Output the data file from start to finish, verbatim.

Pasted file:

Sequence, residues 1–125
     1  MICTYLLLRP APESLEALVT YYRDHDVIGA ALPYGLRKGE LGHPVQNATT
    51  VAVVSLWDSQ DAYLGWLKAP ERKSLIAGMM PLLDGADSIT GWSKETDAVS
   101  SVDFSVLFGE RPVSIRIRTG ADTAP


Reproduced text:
Sequence, residues 1–125
     1  MICTYLLLRP APESLEALVT YYRDHDVIGA ALPYGLRKGE LGHPVQNATT
    51  VAVVSLWDSQ DAYLGWLKAP ERKSLIAGMM PLLDGADSIT GWSKETDAVS
   101  SVDFSVLFGE RPVSIRIRTG ADTAP